Evidence gathered by Pakistani investigators has indicated that Taliban terrorists who attacked a key airbase last month had contacts with security personnel at the facility, according to a media report on Wednesday.
Evidence gleaned from closed-circuit television footage of the brazen attack on Kamra airbase on August 16 indicates that the Tehrik-e-Taliban Pakistan terrorists had 'contacts' with security personnel, The Express Tribune quoted its sources as saying.
The report did not give details of the alleged contacts. The evidence collected by Pakistan Air Force officials heading the inquiry into the attack suggested that 'some security personnel who had possible involvement in the attack would be court martialled', the report said.
The CCTV footage also showed that the attackers did not face much resistance from PAF personnel at the airbase, the report said. In a bid to escape the heavy firing by the terrorists, security personnel took shelter in a room.
Footage from one surveillance camera allegedly showed that the attackers had a meeting around a table after their assault on the base. One CCTV camera captured nine minutes of footage while another captured five more minutes.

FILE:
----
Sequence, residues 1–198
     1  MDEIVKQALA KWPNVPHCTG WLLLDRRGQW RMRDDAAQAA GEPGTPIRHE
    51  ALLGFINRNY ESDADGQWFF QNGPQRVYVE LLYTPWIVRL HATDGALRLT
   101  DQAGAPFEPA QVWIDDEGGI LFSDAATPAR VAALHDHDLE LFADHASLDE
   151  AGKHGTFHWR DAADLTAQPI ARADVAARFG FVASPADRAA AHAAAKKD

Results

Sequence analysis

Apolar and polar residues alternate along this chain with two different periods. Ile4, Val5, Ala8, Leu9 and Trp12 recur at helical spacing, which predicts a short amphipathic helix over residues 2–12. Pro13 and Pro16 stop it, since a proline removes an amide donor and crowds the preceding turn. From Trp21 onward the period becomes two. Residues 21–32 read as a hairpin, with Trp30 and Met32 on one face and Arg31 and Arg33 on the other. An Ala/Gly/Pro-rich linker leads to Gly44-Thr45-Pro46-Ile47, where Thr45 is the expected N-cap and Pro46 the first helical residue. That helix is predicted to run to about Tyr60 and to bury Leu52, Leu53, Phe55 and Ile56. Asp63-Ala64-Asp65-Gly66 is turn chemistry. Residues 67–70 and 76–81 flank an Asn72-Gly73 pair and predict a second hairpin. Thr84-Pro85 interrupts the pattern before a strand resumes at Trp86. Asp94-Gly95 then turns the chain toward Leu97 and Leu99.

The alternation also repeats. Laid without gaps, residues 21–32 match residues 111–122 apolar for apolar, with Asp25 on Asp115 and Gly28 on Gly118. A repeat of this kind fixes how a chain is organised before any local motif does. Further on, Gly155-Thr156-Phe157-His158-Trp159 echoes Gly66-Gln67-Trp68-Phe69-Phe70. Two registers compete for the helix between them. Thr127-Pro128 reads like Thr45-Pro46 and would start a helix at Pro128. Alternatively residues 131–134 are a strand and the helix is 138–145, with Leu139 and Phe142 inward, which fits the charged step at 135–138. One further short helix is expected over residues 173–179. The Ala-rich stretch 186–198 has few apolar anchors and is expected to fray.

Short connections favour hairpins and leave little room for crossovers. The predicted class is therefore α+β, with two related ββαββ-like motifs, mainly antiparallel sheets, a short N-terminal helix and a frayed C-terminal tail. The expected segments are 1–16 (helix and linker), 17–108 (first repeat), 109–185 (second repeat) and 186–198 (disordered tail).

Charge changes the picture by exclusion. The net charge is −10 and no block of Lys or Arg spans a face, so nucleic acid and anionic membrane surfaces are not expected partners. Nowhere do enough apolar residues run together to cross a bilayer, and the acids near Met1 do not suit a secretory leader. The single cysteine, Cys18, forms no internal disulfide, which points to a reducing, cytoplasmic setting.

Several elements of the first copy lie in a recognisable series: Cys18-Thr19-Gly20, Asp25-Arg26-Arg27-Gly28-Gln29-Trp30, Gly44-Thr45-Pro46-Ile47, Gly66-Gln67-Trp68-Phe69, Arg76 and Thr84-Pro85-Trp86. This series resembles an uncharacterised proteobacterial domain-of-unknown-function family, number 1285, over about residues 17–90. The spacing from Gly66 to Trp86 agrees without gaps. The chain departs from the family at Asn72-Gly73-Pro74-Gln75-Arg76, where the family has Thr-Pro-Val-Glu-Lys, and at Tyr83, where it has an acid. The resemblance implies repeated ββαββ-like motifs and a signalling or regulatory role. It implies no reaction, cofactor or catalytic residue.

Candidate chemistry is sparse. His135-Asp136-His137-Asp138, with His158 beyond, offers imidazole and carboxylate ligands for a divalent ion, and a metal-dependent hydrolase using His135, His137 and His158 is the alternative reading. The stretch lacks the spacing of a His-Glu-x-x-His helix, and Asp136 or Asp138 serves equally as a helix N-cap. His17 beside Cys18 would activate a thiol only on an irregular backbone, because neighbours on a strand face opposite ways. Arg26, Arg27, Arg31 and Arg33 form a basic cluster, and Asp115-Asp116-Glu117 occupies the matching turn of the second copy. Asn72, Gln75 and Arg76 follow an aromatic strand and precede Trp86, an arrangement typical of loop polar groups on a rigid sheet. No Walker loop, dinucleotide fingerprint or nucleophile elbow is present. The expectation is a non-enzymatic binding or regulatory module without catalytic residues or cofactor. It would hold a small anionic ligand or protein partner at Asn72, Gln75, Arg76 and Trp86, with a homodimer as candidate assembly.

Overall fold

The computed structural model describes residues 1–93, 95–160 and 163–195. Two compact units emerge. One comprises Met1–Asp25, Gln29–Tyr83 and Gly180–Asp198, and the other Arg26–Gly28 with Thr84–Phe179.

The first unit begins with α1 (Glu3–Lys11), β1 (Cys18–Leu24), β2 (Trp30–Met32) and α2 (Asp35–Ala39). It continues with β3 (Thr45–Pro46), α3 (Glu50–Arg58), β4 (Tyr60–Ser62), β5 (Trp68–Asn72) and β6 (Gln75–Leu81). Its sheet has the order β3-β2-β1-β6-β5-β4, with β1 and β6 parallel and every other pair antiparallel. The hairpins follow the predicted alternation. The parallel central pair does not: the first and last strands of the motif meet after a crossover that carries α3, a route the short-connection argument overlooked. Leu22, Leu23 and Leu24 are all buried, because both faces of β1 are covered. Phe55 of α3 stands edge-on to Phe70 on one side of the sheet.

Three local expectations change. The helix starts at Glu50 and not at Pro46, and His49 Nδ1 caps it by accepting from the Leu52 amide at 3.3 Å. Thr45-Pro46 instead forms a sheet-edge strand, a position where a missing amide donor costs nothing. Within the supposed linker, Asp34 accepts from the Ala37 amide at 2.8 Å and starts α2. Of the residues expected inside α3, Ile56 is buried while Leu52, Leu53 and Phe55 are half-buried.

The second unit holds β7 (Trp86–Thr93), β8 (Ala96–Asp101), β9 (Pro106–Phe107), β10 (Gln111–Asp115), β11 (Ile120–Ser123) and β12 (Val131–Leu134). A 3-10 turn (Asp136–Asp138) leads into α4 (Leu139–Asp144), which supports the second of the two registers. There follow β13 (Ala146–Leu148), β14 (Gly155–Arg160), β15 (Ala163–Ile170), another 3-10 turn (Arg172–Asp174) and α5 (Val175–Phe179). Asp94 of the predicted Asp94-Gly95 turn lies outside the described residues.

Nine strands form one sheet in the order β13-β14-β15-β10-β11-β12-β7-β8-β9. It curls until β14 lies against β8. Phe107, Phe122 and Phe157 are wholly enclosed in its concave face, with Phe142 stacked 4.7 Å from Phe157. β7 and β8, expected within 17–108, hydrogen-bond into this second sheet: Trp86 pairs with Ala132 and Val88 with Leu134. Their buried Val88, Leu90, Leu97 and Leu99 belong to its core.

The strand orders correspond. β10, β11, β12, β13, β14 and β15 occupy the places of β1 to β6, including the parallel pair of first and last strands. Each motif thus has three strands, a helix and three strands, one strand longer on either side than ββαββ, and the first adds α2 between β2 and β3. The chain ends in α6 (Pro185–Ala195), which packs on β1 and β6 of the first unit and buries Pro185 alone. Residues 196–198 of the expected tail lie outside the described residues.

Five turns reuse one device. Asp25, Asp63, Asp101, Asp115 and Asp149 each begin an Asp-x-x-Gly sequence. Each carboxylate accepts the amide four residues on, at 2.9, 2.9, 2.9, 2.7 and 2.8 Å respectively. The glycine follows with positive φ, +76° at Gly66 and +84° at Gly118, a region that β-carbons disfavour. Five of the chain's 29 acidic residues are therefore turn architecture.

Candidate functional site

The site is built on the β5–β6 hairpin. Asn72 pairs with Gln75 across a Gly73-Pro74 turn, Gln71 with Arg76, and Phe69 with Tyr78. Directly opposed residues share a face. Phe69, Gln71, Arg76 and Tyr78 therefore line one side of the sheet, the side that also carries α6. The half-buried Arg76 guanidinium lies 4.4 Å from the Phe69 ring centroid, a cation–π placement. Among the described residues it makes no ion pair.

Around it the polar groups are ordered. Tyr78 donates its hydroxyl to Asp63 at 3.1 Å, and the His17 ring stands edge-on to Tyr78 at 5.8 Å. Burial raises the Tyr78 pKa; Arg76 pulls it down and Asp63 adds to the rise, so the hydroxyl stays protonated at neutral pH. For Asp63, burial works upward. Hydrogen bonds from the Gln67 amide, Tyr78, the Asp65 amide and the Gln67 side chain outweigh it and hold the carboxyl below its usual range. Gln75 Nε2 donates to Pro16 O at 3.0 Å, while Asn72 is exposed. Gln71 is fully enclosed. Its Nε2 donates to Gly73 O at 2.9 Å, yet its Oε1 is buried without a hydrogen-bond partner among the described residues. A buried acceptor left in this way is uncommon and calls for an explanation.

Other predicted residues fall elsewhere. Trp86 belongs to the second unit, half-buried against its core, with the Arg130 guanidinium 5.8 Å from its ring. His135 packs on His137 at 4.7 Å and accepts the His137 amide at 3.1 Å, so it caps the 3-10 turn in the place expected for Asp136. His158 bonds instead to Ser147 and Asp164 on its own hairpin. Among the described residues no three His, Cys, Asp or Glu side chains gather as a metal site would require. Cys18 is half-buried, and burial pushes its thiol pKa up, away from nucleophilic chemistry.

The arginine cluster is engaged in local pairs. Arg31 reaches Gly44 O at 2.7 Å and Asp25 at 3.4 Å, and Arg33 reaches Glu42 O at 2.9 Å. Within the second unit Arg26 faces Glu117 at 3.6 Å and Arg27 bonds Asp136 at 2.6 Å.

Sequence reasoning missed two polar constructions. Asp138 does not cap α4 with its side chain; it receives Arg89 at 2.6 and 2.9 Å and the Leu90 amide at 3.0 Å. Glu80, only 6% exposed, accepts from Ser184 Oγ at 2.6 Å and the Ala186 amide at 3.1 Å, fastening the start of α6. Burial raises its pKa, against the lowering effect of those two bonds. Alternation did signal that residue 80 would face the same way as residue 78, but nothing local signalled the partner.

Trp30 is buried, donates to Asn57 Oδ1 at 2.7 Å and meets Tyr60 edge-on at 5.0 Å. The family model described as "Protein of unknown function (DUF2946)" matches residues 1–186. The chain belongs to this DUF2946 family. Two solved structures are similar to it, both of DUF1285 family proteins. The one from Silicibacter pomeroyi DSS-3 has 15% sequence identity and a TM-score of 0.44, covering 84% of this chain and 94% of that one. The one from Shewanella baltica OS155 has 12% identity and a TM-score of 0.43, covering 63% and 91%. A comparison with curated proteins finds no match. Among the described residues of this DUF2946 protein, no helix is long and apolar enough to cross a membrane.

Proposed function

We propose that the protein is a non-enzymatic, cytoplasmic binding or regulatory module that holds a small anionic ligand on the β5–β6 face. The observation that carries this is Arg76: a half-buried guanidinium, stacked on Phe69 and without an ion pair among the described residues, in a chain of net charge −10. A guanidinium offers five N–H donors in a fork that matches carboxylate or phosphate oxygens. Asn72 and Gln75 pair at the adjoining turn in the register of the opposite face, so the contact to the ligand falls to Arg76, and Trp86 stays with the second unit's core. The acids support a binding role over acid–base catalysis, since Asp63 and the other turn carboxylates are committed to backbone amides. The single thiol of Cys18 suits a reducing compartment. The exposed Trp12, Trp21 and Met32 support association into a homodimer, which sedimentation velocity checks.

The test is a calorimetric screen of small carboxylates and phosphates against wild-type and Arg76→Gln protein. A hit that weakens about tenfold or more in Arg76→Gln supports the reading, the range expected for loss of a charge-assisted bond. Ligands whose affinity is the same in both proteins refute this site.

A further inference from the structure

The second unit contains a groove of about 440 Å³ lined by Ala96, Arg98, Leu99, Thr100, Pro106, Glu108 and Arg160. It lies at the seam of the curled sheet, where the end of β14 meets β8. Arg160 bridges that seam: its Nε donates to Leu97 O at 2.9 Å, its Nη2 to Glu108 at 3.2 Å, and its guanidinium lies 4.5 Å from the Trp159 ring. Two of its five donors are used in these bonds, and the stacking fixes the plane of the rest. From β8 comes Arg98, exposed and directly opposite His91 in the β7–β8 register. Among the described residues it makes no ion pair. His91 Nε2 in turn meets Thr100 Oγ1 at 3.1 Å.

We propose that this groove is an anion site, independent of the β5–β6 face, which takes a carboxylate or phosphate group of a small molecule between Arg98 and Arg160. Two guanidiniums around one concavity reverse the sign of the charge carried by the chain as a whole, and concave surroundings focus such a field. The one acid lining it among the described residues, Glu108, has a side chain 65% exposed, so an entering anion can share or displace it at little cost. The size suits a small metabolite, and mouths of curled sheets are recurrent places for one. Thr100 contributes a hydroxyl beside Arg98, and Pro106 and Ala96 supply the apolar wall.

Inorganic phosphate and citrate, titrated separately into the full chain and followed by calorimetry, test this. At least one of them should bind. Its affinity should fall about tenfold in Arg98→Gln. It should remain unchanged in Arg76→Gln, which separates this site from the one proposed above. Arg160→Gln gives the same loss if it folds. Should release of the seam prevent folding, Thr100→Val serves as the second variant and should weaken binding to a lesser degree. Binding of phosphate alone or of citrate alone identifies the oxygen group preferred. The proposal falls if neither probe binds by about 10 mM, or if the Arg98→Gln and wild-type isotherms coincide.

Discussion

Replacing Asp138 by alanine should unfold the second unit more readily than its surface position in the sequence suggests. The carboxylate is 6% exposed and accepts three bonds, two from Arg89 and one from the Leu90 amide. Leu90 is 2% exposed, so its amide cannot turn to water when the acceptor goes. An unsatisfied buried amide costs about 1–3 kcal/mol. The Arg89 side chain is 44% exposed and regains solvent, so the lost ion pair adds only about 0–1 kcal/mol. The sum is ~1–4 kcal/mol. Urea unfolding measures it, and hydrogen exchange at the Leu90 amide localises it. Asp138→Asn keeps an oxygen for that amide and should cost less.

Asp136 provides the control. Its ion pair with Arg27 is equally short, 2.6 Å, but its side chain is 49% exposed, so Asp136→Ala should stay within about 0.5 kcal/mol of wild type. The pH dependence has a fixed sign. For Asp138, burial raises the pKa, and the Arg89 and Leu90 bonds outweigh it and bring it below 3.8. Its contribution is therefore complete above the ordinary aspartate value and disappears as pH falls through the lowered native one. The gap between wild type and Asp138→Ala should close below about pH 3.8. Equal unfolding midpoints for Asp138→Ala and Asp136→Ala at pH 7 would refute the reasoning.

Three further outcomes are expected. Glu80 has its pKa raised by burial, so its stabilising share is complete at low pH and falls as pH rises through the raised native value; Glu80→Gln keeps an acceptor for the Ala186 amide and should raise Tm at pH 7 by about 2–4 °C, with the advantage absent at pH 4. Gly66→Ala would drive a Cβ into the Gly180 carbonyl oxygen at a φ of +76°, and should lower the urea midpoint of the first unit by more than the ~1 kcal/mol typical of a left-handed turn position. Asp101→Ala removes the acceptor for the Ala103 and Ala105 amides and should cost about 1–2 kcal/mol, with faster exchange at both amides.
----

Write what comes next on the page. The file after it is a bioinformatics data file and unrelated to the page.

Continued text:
Nine terrorists and two security personnel were killed during the attack on Kamra airbase. Officials had said a Saab-2000 surveillance aircraft was damaged by a rocket-propelled grenade fired by the attackers.
However, The Express Tribune reported that a reconnaissance aircraft was destroyed and two others were partially damaged.
The daily quoted its sources as saying that the tactics employed by a soldier, who lost his life while fighting off the attackers, and a colonel helped overcome the terrorists.
The colonel saved the life of the airbase's commander and killed four terrorists, the report said. The banned Tehrik-e-Taliban Pakistan claimed responsibility for the attack, saying it was carried out to avenge the killing of militant commander Baitullah Mehsud and Osama bin Laden.
Interior Minister Rehman Malik has said that all the attackers were Pakistanis and that the planning for the raid could be traced back to North and South Waziristan tribal regions.
Police have so far identified three of the attackers as residents of Punjab province.